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‘From lab to love’: Former research beagles play in Kelowna after rescue

The Beagle Alliance rescued 10 pups that were being used as laboratory test subjects
Rescued beagles meeting their new foster families in Kelowna after being rescued from laboratory testing. (Jacqueline Gelineau/Capital News)

Ten sweet pups have made their first steps towards a life outside of a laboratory, thanks to the Beagle Alliance.

“These dogs have never felt the sun on their snouts or the grass under their paws. It’s a special moment to see their first few steps”, says Lori Cohen, executive director of The Beagle Alliance, an organization that works to help dogs that were used as animal test subjects in laboratories.

The 10 pups came from an undisclosed lab in the United States and have been travelling across Canada since April 16, on the “dogs know no border tour.” The crew has been travelling from Manitoba to Vancouver Island, dropping off pups with their new foster and forever families along the way. Six of the former test subjects are already snuggled in and acclimatizing to a life of luxury.

On April 18, the four remaining dogs got to stop for a play break in Kelowna while two of the rescued beagles met their new foster families.

The last two pups will continue their journey to foster homes in Castlegar and Nanaimo.

Forever homes are still being sought for the pups and people who are interested in adopting a dog are asked to contact the Beagle Alliance at 1(204)266-1968.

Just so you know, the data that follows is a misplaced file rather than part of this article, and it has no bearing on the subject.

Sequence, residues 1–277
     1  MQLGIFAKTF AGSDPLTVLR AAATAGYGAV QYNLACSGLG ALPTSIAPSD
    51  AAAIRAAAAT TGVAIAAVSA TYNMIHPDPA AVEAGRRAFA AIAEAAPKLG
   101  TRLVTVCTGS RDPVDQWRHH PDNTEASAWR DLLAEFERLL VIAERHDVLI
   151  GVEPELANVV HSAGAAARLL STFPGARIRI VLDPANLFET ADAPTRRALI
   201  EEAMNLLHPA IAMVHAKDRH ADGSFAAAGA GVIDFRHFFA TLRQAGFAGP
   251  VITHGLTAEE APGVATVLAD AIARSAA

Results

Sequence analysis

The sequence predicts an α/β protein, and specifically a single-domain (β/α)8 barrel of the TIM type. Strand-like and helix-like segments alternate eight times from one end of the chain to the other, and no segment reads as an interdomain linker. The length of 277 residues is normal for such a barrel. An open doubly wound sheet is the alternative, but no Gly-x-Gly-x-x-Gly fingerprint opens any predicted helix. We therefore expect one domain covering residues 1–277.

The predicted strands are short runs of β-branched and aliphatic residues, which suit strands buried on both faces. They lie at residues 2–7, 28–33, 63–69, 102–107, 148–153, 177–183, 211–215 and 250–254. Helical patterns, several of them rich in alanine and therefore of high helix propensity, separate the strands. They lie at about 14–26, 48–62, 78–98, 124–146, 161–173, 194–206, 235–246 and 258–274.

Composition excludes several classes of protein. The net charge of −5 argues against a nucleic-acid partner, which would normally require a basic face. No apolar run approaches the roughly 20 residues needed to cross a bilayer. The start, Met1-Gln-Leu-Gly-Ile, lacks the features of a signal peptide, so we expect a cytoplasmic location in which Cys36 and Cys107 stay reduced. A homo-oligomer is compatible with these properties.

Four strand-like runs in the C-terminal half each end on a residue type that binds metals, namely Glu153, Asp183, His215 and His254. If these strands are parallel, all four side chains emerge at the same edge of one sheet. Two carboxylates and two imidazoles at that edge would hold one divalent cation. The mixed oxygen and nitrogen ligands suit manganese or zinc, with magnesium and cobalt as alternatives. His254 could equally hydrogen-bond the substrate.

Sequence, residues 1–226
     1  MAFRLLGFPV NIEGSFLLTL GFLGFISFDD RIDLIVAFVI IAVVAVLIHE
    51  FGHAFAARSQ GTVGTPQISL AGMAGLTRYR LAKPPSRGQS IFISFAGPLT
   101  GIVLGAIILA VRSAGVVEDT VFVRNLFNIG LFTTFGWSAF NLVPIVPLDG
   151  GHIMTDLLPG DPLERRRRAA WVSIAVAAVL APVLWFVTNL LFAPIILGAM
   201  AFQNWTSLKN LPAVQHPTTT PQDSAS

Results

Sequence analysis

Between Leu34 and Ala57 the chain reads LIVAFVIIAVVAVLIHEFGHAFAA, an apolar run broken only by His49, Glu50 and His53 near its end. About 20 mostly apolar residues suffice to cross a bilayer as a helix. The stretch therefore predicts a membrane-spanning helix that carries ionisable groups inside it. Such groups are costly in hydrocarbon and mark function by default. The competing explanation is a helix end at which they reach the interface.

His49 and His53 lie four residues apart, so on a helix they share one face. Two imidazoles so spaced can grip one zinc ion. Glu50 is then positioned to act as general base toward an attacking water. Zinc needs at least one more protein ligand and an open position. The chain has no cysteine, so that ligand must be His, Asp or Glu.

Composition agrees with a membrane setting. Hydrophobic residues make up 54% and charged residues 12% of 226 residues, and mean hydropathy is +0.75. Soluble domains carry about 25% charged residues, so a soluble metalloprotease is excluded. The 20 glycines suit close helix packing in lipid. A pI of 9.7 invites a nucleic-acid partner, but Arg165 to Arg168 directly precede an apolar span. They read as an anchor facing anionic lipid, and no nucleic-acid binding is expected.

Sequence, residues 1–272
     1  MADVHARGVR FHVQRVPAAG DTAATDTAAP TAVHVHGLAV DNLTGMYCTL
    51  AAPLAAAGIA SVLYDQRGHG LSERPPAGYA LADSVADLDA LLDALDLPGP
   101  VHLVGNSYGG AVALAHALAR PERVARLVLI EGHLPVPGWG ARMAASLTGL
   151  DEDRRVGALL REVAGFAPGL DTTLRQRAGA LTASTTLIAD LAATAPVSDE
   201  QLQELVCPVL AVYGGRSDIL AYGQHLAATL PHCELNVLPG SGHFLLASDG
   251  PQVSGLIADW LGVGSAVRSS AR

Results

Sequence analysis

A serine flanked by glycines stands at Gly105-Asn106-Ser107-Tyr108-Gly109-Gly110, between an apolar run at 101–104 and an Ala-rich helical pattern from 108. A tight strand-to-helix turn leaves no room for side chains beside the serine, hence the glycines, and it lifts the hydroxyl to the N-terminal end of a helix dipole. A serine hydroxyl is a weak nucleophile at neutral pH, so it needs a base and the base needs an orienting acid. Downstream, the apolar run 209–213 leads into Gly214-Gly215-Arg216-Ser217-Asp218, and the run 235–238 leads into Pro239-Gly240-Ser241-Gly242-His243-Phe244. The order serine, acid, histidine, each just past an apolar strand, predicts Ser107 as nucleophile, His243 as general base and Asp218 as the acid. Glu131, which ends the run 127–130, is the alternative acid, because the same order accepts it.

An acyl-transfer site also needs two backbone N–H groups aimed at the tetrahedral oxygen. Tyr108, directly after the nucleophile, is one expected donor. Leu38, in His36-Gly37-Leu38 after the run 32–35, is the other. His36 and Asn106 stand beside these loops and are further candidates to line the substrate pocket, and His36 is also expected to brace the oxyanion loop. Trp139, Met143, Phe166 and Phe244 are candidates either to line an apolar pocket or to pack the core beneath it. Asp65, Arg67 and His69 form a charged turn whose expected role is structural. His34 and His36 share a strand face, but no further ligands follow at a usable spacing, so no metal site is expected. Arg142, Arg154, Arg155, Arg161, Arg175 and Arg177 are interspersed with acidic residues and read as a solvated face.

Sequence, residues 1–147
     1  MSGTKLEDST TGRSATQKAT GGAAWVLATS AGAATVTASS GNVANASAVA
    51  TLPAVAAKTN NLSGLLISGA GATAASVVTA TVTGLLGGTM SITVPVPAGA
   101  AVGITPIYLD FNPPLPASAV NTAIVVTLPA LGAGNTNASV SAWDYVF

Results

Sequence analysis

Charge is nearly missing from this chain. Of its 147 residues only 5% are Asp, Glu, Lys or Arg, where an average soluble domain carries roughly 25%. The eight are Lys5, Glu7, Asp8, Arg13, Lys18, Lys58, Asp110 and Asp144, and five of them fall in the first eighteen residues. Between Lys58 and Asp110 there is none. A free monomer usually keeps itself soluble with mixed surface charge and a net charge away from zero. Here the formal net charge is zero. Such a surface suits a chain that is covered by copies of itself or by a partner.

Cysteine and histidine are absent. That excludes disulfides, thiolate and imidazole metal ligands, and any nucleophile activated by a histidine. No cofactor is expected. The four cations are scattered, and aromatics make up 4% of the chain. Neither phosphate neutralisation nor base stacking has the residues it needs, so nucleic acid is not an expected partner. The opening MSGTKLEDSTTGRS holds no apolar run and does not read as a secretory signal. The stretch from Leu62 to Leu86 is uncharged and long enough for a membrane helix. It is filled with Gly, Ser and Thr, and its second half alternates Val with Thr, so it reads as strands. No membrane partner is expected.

While the rescue organization cannot disclose the name or type of lab the dogs were rescued from or what exactly the animals endured, it is evident that they have suffered trauma, said Cohen. She has assisted in the rescue of more than 50 beagles from animal testing and is a fur mom to two pups, including the first-ever Beagle Alliance rescue.

“They do suffer in varying degrees with PTSD and anxiety,” said Cohen about the former research subjects.

To help the beagles overcome the anxiety associated with entering a new phase of life and to learn to overcome their trauma, Cohen said the rescue tries to send the rescued pups to foster homes that already have friendly dogs.

She said that having a puppy dog role model helps the rescued pups learn to play and act like a dog.

“They never learned how to be a dog and do not even know how to play,” said Cohen.

The use of animal testing for research is legal in Canada and the USA. Most commonly, dogs are used in veterinary medicine and cosmetic testing.

Cohen said that beagles are the primary breed of dog used in research because they are friendly, do not typically bite, and most importantly are forgiving.

Typically, after a life of being used as a test subject, the animals are euthanized once they are no longer of use to the lab.

To give the animals an opportunity to experience life outside, the Beagle Alliance rescues the critters so that they can go “from lab to love.”

Rescue organizations, like the Beagle Alliance, are only able to step in once the research animals are no longer of use to the laboratory and are deemed acceptable for release.

The Beagle Alliance also rescues other breeds of dogs, cats and farm animals that were used in research or were in situations of abuse and neglect, across Canada and the midwest United States.

The 10 beagles that were rescued by the Alliance are between the ages of four and seven and are ready to start exploring the world outside of a sterile laboratory.

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Jacqueline Gelineau

About the Author: Jacqueline Gelineau

I'm a reporter in the beginning stages of my career. I joined the team at Capital News in November 2021...
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